Pupil Premium

What is the Pupil Premium?

The pupil premium grant refers to the extra funding, publicly-funded schools in England, receive from the government in order to help them improve the attainment of their disadvantaged pupils.

Evidence shows that children from disadvantaged backgrounds:

  • generally face extra challenges in reaching their potential at school
  • often do not perform as well as their peers

The pupil premium grant is designed to allow schools to help disadvantaged pupils by improving their progress and achievement at school.

Which pupils are identified as disadvantaged?

The government define pupils as disadvantaged if they fit one or more of the descriptors below:

  • they are in receipt of free school meals or has been at any point in the last 6 years
  • they have left local authority care through adoption, a special guardianship or child arrangement order (referred to as previously looked-after)
  • they are in local authority care (referred to as looked-after). In this case, the local authority receive the funding and work with the school to decide on how it is best spent to support individual pupils

How much funding does the school receive?

Schools receive funding based on the number of eligible pupils. This is calculated at a specific point each academic year. The amount that schools receive is as follows:

  • Free school meals: £1,345 per pupil
  • Previously looked-after: £2,345 per pupil
  • Looked-after: £2,345 per pupil

What should schools spend their funding on?

Schools have the ability to decide how their pupil premium funding is used in order to improve the attainment and progress of their disadvantaged pupils. The funding can also be used to support pupils who do not meet the criteria for being disadvantaged.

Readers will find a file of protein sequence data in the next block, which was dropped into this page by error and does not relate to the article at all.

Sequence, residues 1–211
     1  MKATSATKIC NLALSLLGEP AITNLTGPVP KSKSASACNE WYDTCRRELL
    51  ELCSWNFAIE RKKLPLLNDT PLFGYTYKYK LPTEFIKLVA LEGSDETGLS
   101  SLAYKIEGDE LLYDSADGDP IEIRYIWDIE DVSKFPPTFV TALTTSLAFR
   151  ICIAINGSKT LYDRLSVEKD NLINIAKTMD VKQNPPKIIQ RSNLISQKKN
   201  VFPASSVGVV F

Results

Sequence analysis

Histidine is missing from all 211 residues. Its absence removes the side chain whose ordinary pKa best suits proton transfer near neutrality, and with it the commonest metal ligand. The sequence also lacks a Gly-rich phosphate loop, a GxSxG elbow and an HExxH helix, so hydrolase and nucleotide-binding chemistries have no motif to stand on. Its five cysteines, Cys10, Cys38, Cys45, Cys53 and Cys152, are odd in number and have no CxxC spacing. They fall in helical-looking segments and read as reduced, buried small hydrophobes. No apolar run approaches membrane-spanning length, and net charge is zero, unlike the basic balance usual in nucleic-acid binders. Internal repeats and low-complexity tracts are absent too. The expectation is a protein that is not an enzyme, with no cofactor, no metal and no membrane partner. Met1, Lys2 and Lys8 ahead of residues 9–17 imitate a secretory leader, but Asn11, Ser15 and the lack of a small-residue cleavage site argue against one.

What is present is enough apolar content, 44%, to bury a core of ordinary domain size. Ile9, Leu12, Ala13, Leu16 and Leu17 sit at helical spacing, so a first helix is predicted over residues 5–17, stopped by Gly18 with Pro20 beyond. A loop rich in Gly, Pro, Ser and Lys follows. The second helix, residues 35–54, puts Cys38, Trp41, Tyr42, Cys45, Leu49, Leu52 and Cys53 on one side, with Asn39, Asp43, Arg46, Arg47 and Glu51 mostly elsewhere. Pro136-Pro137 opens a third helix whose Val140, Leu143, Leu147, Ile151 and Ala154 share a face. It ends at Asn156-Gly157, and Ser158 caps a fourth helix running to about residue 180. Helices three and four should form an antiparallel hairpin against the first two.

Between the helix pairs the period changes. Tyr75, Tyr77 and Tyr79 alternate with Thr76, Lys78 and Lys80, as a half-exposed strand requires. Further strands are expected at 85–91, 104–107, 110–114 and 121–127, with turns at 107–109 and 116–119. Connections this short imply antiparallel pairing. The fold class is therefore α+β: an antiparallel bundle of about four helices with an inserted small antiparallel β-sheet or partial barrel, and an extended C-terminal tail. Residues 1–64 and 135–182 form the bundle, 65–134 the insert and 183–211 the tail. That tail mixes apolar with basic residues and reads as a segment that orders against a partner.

The government recommend that schools take a tiered approach to spending the grant as research shows that this is the most effective way of ensuring improved outcomes for disadvantaged pupils. The three core tiers for schools to target when deciding how best to spend the pupil premium are:


Schools arrange training and professional development for all their staff to improve the impact of teaching and learning for pupils.

Academic support

Schools should decide on the main issues stopping their pupils from succeeding at school and use the pupil premium to buy extra help.

Wider approaches

This may include non-academic use of the pupil premium such as:

  • school breakfast clubs
  • music lessons for disadvantaged pupils
  • help with the cost of educational trips or visits
  • speech and language therapy

In addition, from September 2021, schools will also be required to demonstrate how they have used research evidence to inform their spending plans.

The Pupil Premium Statement

Local authority-maintained schools must publish a pupil premium statement on their school’s website (online statement). This is so that schools can be transparent about how they are spending the pupil premium both for school governors and parents and guardians. Schools are required to publish their online statement using the Pupil premium strategy statement templates published by the DfE. The DfE also now recommend that schools take a longer-term (for example, over a 3 year period) view to how they spend their pupil premium allocation in order to ensure impact and sustainability.